Whilst reading this article I suggest you forget about cost altogether as it might be a distraction


What do you want to bake today?What do you want to bake today?

Let’s talk about cakes for a minute. Some cakes cost money and some don’t. Similarly some come with the recipe and some don’t. What I’m interested in here is not how much the cake costs to buy or make but what you are allowed to do with the recipe and the cake once you have it.

Imagine this scenario:

  • You receive or buy some cakes from someone and they give you the recipe as well.
  • They allow you to use the recipe to make your own cakes at home.
  • They allow you to change the recipe to leave out the nuts you are allergic to.
  • They allow you to redistribute (even sell) both their original and your nut-less version of the cake.
  • They insist that if you do redistribute you give others the same option.
  • They insist you do not pass the original off as your own work. [1]

It may seem obvious but what they’ve given you (aside from cakes) is freedom: freedom to use, change and redistribute the cakes and the recipe. You might be thinking that people rarely give you recipes with such conditions attached but those conditions are often inherent in the gift. If you gave a recipe to someone and you were happy for them to pass it on, wouldn’t you be angry if they sold it to others but did not allow their customers to pass it on? You gave (or sold) those cakes and/or recipes with certain freedoms attached and you would expect those freedoms to be respected when the cakes and/or recipe is passed on. In short, you want the cakes and recipe to remain as free as when you distributed them.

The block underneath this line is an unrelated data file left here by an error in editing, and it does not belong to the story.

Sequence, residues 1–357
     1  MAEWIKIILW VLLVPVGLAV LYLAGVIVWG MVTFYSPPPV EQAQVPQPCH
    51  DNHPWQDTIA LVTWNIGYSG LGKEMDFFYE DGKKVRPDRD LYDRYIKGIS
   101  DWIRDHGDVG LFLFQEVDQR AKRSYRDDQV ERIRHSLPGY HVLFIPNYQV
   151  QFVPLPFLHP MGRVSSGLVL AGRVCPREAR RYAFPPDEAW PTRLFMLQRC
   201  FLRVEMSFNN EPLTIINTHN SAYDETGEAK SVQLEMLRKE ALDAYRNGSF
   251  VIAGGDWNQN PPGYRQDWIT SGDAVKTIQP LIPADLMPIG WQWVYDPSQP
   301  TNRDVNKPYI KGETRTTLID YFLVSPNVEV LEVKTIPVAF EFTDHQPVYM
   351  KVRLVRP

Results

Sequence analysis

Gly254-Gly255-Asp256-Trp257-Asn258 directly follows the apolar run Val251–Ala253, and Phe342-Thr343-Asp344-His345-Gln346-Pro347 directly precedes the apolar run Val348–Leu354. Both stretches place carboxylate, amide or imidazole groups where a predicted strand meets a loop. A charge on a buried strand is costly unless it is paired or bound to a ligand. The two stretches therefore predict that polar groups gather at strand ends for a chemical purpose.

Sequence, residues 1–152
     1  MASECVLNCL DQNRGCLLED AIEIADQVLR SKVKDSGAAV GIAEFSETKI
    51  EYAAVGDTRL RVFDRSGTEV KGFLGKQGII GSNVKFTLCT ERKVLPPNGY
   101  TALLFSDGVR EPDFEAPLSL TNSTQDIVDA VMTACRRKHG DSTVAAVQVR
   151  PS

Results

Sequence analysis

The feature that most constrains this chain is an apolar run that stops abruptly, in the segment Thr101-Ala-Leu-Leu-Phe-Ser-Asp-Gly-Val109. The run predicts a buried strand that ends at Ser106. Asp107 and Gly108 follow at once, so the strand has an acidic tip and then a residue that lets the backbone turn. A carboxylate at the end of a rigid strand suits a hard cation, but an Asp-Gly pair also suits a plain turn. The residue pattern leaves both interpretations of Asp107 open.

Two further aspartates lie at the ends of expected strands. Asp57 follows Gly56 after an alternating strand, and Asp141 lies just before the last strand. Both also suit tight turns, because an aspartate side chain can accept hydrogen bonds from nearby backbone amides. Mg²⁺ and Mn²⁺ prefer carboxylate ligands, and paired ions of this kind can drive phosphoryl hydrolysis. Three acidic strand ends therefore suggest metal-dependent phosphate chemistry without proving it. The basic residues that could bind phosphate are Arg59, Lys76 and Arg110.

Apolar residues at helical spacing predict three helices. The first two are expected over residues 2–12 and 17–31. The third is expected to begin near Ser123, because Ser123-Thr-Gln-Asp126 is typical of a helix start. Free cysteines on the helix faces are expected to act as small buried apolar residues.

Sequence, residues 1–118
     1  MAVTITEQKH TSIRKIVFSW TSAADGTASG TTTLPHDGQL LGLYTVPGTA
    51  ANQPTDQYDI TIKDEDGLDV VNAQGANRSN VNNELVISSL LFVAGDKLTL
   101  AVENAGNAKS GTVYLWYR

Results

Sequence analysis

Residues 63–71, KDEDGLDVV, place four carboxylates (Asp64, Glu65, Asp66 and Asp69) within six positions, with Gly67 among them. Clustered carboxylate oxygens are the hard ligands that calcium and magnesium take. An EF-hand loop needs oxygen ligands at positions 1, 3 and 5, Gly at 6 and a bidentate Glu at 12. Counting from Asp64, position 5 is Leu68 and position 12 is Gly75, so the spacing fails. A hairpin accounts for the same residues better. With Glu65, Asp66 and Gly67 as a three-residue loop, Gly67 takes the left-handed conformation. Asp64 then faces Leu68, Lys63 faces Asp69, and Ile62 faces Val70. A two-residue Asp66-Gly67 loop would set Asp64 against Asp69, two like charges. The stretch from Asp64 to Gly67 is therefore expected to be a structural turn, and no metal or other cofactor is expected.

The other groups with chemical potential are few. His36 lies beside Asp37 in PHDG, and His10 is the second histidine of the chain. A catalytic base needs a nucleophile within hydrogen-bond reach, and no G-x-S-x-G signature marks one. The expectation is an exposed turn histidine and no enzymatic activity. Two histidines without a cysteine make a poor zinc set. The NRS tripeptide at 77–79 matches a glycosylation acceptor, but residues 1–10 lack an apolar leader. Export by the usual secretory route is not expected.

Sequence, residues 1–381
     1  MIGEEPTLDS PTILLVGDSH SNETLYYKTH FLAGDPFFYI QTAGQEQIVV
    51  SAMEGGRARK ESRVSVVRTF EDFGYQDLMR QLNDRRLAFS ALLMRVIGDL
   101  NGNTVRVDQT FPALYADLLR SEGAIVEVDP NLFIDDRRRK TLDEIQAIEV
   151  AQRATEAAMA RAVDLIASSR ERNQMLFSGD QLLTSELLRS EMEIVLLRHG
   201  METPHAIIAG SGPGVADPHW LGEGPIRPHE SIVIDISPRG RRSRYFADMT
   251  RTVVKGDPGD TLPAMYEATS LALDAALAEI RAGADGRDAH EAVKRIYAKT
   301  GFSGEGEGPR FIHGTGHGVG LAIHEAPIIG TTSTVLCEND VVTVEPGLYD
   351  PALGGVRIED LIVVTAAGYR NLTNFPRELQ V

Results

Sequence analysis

If you gave a cake recipe to someone ... wouldn’t you be angry if they sold it but did not allow their customers to pass it on?

An additional point to note is that when you have access to the recipe, you know what is in the cake—handy if you have that nut allergy or just don’t like them. If you don’t trust the baker then access to the recipe also means you can make your own cake and be assured of exactly what went in it.